Kalusha on Cosafa

The 1988 African Footballer of the Year told The Southern Times that the Cosafa Castle Cup has gradually become a continual process of longevity for the SADC teams, where players and countries annually compete to be the best. “I am very happy with the tournament and it was much better this year because the final and the semi-finals were separated. Last year the last two games were both played on the same weekend,” he said.

He is the vice-president of the Zambian Football Association and fresh from the Zambian celebrations over the 2-nil win over Angola last week. Kalusha,whose magic of the curling left foot kick betrayed him, when he missed the penalty in the 2004 Cosafa final against Angola, says his life has been full of joy, tragedy and is an everlasting fairytale.

He does not have hard feelings over the 2004 loss. “In the 20 years of my career, I have missed two penalties; one in a cup final against Club America (Mexico) and the last being the one against Angola in 2004. However, it would be unfair for anybody to judge me by that, because I have scored 23 penalties in my career.

The 5-4 loss in stomach churning penalty shoot-outs was his last game for his country.

The 43 year former captain and former coach of the Zambian national team applauded Angola for reaping the benefits of the Cosafa tournament. “Angola came from winning three cosafa championships to reaching the World Cup and, with time, more SADC teams will be competing at that stage,” he said.

The Cosafa Castle Cup celebrated its 10th anniversary this year, proving its longevity and its pre-eminent position among regional football tournaments in the world. Kalusha believes the tournament is the perfect platform to build on for 2010.

Now a member of the World Cup Organising Committee, Kalusha says he will not hesitate adding his mythical status to the Cosafa leadership – if given a chance this December. “The opportunity will come when I will say yes. Obviously there will be a need to talk to the stakeholders before I can contest for one of the Cosafa leadership positions. But I am happy with the contribution I have made to Cosafa and I will not fail were I to be given a post,” he said.

Various Cosafa leadership positions will fall vacant this December, with the main one being that of disgraced former President Ismail Bhamjee.

As the only African player to participate in six nation cup tournaments, Kalusha says the Cosafa Cup may not be recognised by FIFA at this stage. “FIFA will not put more dates on than they have now.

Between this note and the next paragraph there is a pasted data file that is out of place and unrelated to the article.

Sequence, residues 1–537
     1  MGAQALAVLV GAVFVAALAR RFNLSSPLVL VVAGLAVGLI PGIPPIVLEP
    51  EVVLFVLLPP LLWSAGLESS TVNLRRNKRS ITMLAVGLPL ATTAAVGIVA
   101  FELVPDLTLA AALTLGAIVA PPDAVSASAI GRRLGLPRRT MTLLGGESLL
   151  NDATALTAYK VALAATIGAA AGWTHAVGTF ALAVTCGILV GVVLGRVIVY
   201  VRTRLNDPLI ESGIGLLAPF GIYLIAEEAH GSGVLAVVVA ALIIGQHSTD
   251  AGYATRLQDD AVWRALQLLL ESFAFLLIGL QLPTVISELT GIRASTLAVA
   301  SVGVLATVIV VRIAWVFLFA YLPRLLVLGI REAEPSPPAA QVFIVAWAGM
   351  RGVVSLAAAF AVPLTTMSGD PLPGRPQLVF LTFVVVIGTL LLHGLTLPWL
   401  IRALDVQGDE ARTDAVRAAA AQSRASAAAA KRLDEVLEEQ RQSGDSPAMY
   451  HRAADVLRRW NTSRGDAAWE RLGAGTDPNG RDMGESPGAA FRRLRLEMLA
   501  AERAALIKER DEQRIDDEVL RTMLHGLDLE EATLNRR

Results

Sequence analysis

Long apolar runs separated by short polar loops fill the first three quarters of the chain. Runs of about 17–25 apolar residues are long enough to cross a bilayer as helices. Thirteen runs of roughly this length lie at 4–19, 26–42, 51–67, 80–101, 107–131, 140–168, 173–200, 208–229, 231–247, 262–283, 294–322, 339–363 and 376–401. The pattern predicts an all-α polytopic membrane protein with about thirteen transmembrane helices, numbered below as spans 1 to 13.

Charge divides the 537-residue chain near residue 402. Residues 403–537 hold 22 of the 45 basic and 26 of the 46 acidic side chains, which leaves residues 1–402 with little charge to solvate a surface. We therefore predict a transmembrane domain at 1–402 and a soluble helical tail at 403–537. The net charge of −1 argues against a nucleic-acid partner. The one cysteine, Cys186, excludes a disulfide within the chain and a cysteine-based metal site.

“Our tournament can only be played Saturdays and Sundays and the only days that FIFA can spare are Wednesdays, just like in Europe. So the situation does not favour us much, because the world programs have already been set. It’s not going to be in the near future.”

The man who built Chipolopolo after the Gabon air-crash is worried by the conditions of the stadia in Southern Africa. The Cosafa General Secretary, Ashford Mamelodi, admitted recently that lives could be at risk during the final of the Cosafa Cup at Zambia’s Independence Stadium in Lusaka. He said the same was true for many stadia in most countries in SADC.

“Our stadium was built in 1964, on Independence Day and has never been upgraded; if you go to Namibia, Swaziland or Malawi – it’s all the same. There have been complaints about the state of our main stadiums. It’s something governments have to look into before the World Cup in South Africa.

Zambia’s Independence Stadium came under heavy criticism from the southern African football governing body for its poor state of repair and was described as at near collapse. The main grandstand was closed during Saturday’s final, and Mamelodi warned that unless the improvements are made, “it is unlikely that mini-tournaments will be held there.” The stadium was shut down in 2004 by the then Sports Minister Gladys Nyirongo but the decision was reversed by her successor Gabriel Namulambe

Kalusha concurs with Mamelodi but says it’s a matter that has to be addressed on government and regional level. “Zimbabwe and South Africa are better off in that regard, but for the bulk of us, especially Zambian, the stadiums are in very poor shape and we remember that FIFA wants SADC countries to be used as base-camps in 2010.

The tourism sectors, the transport sectors and the other sectors are rallying behind this request and challenge quite well, but it’s the stadiums that could cost southern Africa a good money spinning opportunity.” He however remains optimistic that with Cosafa, the innovative premiums being brought in every year, will finally pay-off and make the difference.

The sponsors pick up transport and accommodation costs and pay the players a daily allowance. Home associations who host matches in the Cosafa Castle Cup, keep all the gate takings from their matches, thus the sponsors are ensuring that money is put back into football.

October 2006
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